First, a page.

Check out our take on even more of the Dallas Modern metagame in “Is Skred Red a Prison Deck?”:

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Gearhulk or Grafwidow?

Verdurous Gearhulk
Should Verdurous Gearhulk unseat Ishkanah, Grafwidow at the Delirium five?

One of the three principal decks of Kaladesh Standard is B/G Delirium. There are at least two versions: Although they have a fair number of cards in common — Traverse the Ulvenwald; Grasp of Darkness; or Liliana, the Last Hope — the two builds have very different strategies and play patterns, and try to accomplish different things.

The incumbent version is more midrange. It is more likely to play both offense and defense at the same time with Sylvan Advocate. It might block with Ishkanah, Grafwidow in order to buy time to find a bullet Emrakul, the Promised End.

The newer version — tracing back to Eric Froehlich at Pro Tour Kaladesh — is more offensive. It plays Servant of the Conduit to get the jump on the opponent and is more likely to buff with Blossoming Defense than trade one-for-one with removal or disruption (though it might).

The case for Ishkanah, Grafwidow

Ishkanah, Grafwidow is a powerful card. We’ve seen it played in Temur decks that could never tap for black mana!

If you want to play a card that will help lock down the battlefield, there are few better options in Standard. Given time, it can cut down the opponent’s life total without having to risk combmat. Because it has reach, Ishkanah can help contain cards like Spell Queller or Archangel Avacyn. Because it has so many bodies, Ishkanah can act as a “go wide” stop sign to buy vital setup and stabilization time against beatdown.

The case for Verdurous Gearhulk

If you want to race or brawl, choose Verdurous Gearhulk. In the right context, Verdurous Gearhulk simply out-classes Ishkanah heads up. It will often be competitive (especially depending on what creature gets +1/+1 counters) but is always better when the opponent doesn’t yet have Delirium. Here, Servant of the Conduit and Catacomb Sifter help cast the Gearhulk ahead of time, and something to attack with.

For sure the best playmate to Verduous Gearhulk is Kalitas, Traitor of Ghet. Talk about big life swings! (Also Kalitas auto-ruins the lives of many opponents, e.g. B/R Zombies.)

Bonus: Using Traverse the Ulvenwald

Traverse the Ulvenwald is one of the most flexible cards in Standard. It is generally great for fixing your land draw on turn one, but cashing in for a real threat later in the game. Traverse the Ulvenwald is so effective for its cost it has even started to see adoption in Modern creature decks!

In the traditional Delirium strategies, you could Traverse on turn one (and the mana bases deliberately accommodate for having an extra few lands by playing only 23)… But once you have Delirium it can get an Ishkanah late, or a [generally singleton] Noxious Gearhulk as a point removal-type answer, or go super big with Emrakul.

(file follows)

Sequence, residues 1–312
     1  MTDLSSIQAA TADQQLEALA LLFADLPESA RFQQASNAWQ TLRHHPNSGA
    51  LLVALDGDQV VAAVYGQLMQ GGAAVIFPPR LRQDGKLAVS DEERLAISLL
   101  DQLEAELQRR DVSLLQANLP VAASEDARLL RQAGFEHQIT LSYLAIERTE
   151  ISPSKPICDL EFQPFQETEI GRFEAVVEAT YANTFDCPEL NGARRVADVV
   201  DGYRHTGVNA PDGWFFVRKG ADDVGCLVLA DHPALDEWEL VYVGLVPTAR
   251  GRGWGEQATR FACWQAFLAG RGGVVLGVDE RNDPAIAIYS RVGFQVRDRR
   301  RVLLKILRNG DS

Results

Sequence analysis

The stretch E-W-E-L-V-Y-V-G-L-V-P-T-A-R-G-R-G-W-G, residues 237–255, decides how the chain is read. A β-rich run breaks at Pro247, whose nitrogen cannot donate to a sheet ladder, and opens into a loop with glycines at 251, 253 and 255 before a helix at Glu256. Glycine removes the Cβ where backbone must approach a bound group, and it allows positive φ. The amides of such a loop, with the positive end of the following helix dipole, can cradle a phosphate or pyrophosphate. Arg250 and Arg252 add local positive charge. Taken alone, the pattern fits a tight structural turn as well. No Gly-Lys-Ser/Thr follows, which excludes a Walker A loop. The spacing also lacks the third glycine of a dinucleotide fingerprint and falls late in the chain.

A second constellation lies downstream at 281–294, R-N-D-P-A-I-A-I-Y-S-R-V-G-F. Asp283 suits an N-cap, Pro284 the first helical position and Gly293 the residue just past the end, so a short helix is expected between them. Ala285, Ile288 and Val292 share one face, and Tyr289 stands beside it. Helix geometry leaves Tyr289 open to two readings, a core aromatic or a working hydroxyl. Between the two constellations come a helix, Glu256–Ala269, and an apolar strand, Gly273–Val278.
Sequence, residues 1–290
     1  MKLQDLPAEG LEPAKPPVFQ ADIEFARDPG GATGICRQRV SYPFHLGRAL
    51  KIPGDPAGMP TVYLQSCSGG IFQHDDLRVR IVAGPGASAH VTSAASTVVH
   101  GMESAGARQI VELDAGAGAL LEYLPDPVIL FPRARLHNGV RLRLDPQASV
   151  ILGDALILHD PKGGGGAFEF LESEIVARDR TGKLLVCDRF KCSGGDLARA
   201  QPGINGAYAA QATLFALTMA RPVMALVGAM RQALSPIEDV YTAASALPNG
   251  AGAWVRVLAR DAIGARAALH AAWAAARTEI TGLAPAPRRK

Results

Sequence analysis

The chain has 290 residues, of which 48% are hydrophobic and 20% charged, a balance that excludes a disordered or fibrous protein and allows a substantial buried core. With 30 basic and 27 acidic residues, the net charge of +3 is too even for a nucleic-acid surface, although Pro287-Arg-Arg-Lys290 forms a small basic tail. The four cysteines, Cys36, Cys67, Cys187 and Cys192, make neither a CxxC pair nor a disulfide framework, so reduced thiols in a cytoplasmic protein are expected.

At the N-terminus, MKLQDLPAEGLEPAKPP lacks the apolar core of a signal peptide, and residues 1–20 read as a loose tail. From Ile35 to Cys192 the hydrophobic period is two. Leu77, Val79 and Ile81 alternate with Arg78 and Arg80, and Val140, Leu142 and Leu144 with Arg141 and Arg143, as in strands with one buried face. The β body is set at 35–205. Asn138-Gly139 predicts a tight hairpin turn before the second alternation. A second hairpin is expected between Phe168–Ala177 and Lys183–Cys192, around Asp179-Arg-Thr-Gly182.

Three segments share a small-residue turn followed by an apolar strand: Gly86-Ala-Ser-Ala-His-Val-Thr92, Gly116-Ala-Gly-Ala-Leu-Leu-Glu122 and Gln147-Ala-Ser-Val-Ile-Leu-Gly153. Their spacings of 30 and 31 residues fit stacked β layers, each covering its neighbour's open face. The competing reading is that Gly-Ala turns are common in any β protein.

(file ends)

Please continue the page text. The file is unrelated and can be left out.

In the EFro version, though, Traverse the Ulvenwald is more a way to get Delirium! The aggro version simply doesn’t have many sorceries, so a cheap [one mana] way to get a sorcery into the graveyard puts the deck 25% of the way to its namesake. Traverse the Ulvenwald is therefore generally less powerful and flexible in the aggro version of Delirium, but that might make sense, given that the games are shorter by design.

Listen now for more on B/G Delirium and a host of other Standard topics:

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How NOT to Deal with a Prized Amalgam

Prized Amalgam
Prized Amalgam is centerpiece to some of the best decks in Modern AND Standard both

Prized Amalgam in Modern

We begin with Patrick trying to talk Mike off the Inspiring Vantage cliff for Modern.

Yes, Inspiring Vantage goes straight into Mike’s Burn deck… But Patrick’s argument is that Burn sucks. Part of the reason is that one of the most successful Prized Amalgam decks can “dredge” its way into Gnaw to the Bone, effectively countering many, many burn spells.

And what if a Dredge player sideboards in Collective Brutality?

Can you imagine a second turn of killing poor Mike’s Goblin Guide AND taking his Skullcrack AND getting him for a four-life swing… While discarding Prized Amalgam and Stinkweed Imp (which is what he wants to do anyway)?

Mike will have gotten what he deserved in our estimation, you know, for playing Burn; especially since the Inspiring Vantage version doesn’t even play Atarka’s Command (further reducing the deck’s resistance to Gnaw to the Bone).

Prized Amalgam versus Void Shatter

We move to the Zombie in Standard.

Over two Standard Grand Prix, Top 8s were dominated by U/W Flash and Boros / Mardu Vehicles decks… The lone exception was one Zombie Madness deck… Featuring four copies of Prized Amalgam.

Here’s the thing — Prized Amalgam costs 1UB. One BLUE Black. The deck doesn’t even have blue mana! It can’t cast Prized Amalgam, only kill you with it.

Cathartic Reunion, Insolent Neonate, Cryptbreaker, new superstar Smuggler’s Copter, and even Lightning Axe put Prized Amalgam into the graveyard for you; from there Haunted Dead and Scrapheap Scrounger are waiting to put it directly into play. B/R is a beatdown deck that starts off on turn one, gets in there flying-Watchwolf-Looter-style, puts plenty of pressure on you… But has a tremendous graveyard-driven value engine too. You can’t deal with it like a straightforward beatdown deck or it will bury you; you can’t sleep on Voldaren Pariah.

This deck is inevitable.

This deck is deceptively card advantageous.

What’s the point of playing Void Shatter if you can never actually Counterspell the Zombie in question?